What needs to happen is a write up or med error. Yah...like I want to fill them out, it would take half of my shift. GRRR.

    What kills me is that it was in our plan of correction a few yrs ago to to have our mars, etc double checked every month....is it being done? no and I've even asked to come in to do it!!
  8. by   ktwlpn
    and then,of course,I made an error this week...At least I "manned up" to it and didn't make excuses or try to blame someone else....
  9. by   banditrn
    Quote from ktwlpn
    and then,of course,I made an error this week...At least I "manned up" to it and didn't make excuses or try to blame someone else....
    Yep, that's the ONLY way to do it. I've never made a serious med error, but every one taught me something - mainly that I was becoming complacent and not paying as much attention.
  10. by   marjoriemac
    I can sympathise, I have started working in a nursing home where they uses MARS sheets here in UK, in my last home I was responsible for the individual order and processing of all seperate drugs. Nobody has showed me how to use the MARS system when drugs are brought into the home and nobody seems willing although they ***** when I have to leave the order out for the next nurse. More importantly however they do not seem to have the initiative to question long standing PRN drugs that have not been used in years, they give PRN drugs repeatedly without asking for a regular prescription. They routinely give lactulose everyday (even if the person has diarrhoea) because it is prescibed. They do not bother marking in wound dressings or creams even though they are included in the drug audit. In my last post if somebody was on digoxin, we recorded their pulse daily before giving the dose - they don't. They don't even document the blood sugar of a diabetic resident daily. I was always told to write the dose of a drug as pharmacy may send up a new batch of tablets, so what if a resident is on a batch of tablets say 10mg daily and presently the stock you have requires you given 2x 5mg tablets - what if pharmacy use a manufacturer that can give 10mg tablets? The 2 tablets daily (which is how they would document it) is now 1. I am thorough with my medication round but I cannot say the same about other staff including managers!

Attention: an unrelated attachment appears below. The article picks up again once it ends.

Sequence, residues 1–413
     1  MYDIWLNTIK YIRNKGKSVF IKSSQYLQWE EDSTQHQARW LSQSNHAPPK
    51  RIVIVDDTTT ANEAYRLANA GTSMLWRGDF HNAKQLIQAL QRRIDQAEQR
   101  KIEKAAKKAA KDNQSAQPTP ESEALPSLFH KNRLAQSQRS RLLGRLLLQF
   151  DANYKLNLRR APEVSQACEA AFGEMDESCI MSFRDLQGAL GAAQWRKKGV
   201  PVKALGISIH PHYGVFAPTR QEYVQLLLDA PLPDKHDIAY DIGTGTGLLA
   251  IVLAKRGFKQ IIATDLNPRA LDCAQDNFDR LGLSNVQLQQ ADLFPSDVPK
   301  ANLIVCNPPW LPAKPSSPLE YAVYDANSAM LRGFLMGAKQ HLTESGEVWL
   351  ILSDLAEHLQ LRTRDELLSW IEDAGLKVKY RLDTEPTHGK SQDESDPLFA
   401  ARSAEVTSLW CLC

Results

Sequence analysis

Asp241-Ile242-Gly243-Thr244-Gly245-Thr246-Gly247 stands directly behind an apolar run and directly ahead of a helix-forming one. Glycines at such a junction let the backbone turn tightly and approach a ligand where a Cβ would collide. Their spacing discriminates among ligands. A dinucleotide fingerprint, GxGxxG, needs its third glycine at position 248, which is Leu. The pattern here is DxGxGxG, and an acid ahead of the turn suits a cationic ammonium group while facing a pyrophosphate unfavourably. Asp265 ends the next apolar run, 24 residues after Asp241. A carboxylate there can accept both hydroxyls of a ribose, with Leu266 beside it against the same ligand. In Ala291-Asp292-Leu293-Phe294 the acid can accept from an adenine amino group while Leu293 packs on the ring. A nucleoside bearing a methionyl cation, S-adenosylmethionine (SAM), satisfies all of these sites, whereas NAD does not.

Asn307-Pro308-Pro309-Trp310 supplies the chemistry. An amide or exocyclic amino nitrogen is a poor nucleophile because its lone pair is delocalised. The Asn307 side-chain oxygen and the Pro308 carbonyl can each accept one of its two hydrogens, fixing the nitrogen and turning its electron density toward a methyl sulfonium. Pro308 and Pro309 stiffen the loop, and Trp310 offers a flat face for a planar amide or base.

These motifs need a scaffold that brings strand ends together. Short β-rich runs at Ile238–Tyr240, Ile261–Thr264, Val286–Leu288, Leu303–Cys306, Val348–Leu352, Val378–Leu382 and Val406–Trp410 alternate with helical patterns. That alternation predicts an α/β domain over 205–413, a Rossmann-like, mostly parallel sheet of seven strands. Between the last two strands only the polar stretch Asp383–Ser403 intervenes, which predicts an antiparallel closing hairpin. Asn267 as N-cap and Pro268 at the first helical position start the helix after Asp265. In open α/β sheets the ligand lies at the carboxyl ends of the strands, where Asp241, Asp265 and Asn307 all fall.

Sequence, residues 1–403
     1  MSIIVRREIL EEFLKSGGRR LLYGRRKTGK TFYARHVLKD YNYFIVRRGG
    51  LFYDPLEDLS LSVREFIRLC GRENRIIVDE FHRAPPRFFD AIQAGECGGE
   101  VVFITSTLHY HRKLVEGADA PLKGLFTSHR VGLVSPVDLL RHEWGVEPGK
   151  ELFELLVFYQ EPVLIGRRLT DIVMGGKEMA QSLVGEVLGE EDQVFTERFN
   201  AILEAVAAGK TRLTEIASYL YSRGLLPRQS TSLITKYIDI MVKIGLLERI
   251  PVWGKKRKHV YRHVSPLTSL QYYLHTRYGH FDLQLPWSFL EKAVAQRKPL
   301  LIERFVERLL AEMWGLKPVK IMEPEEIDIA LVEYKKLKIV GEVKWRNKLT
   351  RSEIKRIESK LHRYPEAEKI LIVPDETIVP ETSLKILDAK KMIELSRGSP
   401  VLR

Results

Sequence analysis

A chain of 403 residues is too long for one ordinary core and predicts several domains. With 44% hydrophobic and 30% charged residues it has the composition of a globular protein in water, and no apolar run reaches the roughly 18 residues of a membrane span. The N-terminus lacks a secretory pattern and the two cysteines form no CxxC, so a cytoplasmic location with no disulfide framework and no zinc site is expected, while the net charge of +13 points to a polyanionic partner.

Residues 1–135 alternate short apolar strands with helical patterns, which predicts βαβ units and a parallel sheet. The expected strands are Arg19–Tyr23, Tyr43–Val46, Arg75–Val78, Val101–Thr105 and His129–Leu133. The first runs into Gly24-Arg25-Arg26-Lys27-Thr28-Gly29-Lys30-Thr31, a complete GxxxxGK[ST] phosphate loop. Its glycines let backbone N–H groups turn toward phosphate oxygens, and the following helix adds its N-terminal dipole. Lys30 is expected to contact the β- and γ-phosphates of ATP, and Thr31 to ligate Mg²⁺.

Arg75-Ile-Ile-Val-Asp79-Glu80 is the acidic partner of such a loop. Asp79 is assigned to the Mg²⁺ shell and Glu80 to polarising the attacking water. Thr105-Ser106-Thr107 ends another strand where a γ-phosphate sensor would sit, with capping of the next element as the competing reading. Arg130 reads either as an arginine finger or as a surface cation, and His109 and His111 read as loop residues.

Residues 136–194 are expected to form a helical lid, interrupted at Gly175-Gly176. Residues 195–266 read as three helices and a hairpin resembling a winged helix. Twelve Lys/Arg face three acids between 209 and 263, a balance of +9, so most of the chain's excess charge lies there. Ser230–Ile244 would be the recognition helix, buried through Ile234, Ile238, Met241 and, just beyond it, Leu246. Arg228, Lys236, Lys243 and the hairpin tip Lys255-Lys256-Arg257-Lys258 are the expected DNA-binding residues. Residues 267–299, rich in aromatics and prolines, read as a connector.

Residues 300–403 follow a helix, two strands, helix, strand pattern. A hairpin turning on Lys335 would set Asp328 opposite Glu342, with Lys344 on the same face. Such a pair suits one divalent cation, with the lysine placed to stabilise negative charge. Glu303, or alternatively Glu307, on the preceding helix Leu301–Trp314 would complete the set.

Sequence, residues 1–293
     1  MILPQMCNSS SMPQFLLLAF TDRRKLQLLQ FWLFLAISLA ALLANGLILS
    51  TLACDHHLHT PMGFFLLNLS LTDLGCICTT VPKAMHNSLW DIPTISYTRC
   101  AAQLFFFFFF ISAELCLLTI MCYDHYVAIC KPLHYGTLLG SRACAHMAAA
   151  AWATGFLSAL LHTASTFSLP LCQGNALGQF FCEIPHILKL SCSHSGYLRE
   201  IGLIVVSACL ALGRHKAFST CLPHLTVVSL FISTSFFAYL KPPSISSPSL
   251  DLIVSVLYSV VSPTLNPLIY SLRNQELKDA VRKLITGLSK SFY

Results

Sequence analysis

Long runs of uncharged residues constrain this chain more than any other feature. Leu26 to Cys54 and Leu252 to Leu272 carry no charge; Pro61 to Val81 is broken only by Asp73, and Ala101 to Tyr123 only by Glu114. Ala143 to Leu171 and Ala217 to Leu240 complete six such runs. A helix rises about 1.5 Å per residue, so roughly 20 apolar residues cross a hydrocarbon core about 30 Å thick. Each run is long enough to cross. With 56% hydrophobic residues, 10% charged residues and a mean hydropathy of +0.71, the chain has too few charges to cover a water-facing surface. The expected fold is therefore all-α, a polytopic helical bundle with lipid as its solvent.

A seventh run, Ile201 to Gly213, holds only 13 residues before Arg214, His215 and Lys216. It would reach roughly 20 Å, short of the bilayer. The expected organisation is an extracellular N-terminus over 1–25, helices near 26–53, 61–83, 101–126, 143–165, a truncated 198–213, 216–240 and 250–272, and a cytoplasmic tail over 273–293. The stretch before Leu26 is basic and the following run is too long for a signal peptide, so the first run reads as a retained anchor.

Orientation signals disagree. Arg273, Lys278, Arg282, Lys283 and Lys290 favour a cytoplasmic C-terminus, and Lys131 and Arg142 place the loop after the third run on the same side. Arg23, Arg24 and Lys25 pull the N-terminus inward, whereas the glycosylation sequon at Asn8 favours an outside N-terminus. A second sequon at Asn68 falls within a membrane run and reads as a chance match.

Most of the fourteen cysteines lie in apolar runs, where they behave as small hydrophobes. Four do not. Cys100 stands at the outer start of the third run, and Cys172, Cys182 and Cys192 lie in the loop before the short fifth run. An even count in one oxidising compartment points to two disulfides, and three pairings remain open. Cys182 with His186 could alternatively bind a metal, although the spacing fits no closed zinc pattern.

11. by   banditrn
    In my facility, pharmacy ISN'T available 24/7 - and the main pharmacy that supplies us is 2 hours away. We have to fax them before noon for anything needed. And they don't deliver on the weekend.:uhoh21:

    When I work, I try to do an inventory of things that are getting low and get them ordered so that we don't run out, but I only work part-time.
  12. by   Simplepleasures
    Instead of pointing the finger of blame at each other and continously fighting amongst ourselves, why not wake up and smell the coffee?UNDERSTAFFING and being totally overwhelmed with work causes these and much worse senarios, why have we nurses been so willing to treat our fellow nurses so poorly, when the blame lies directly on the GREED of the LTC facility owners. The ONLY way to change this is to gain strength in numbers and UNIONIZE, not some weak namby pamby ineefectual union, but a STRONG nation wide union, see California Nurses Assciations plans for NATION WIDE UNIONS. Its way past due.